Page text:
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In this sentence, should I use "hit" or "hits"?

There are a couple of ways to look at this, to put into context. (1) Events In Sequence :: [ XX throw stone(s) XX ] [ very short time gap ] [ YY worrying about it YY ] [ short time gap ] [ ZZ stone(s) ...
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after you havING viewed VS after you have viewed / after having viewed -- is this a special case here?

No. (3) is OK. Using the accusative or objective pronouns me, you, him, us, them, followed by a gerund form (in this case 'after you having viewed') is often dismissed as 'incorrect' by traditional ...
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-2 votes

after you havING viewed VS after you have viewed / after having viewed -- is this a special case here?

Actually, it's number 1 and 3 which are correct. ...after having viewed the document, we... would mean: After we have viewed the document...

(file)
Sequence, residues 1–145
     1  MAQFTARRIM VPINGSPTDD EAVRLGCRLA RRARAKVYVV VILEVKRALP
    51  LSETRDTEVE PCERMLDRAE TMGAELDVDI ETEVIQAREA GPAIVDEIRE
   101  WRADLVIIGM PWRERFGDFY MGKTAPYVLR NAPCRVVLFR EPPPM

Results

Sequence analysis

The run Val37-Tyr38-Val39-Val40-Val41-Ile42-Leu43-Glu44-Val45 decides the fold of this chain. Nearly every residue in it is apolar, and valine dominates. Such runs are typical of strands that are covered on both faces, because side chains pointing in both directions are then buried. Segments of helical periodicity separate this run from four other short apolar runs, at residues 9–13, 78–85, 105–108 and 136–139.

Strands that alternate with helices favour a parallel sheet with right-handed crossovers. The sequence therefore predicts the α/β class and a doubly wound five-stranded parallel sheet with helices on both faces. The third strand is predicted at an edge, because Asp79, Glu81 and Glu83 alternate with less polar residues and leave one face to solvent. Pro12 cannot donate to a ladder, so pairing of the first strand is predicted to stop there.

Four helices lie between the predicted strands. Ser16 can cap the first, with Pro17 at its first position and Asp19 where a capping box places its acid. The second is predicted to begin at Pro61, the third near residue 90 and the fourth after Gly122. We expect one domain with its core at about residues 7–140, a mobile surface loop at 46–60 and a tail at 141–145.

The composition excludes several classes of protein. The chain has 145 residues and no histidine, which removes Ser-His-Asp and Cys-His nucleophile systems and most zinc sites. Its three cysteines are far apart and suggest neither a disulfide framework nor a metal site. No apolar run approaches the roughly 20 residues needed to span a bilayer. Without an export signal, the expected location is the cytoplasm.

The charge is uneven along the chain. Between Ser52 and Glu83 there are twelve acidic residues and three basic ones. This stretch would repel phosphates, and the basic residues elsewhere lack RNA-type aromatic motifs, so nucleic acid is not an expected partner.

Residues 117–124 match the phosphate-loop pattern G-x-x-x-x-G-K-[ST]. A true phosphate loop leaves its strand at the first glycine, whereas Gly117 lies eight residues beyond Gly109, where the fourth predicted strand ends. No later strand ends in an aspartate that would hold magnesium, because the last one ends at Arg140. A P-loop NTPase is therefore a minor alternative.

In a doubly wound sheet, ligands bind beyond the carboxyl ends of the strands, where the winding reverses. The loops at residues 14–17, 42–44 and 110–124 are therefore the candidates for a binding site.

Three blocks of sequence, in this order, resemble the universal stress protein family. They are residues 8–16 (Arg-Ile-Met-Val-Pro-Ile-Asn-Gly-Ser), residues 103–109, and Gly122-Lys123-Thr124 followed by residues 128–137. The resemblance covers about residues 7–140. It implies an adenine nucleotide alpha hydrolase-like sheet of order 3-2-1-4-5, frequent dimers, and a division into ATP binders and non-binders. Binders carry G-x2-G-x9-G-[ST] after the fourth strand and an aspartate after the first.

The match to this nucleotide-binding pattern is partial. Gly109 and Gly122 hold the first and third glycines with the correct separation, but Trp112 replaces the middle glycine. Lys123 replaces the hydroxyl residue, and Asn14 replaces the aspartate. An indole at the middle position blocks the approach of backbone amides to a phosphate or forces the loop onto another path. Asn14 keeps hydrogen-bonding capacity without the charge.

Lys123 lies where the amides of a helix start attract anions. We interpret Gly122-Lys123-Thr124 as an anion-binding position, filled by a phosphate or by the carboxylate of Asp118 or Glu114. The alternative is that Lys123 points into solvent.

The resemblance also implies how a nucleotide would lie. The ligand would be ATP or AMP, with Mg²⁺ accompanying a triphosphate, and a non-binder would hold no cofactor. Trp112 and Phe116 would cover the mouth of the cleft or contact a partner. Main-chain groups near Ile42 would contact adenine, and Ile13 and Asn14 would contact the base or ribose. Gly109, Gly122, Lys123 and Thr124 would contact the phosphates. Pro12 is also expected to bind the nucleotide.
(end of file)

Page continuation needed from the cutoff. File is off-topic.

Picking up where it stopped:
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Please explain grammatical composition

Kindly pay the pending salary of mentioned ex-employees The use of "mentioned" strikes me as very old-fashioned, and likely to be thought odd by a native speaker of AmE and I think BrE. (I ...
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"Can be originated" vs "can originate"

I agree with Colin Fine’s answer 100%. The other two responders find the sentence awkward due to the passive verb. There is merit in what they say, but, as Colin Fine has explained, their solution ...
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2 votes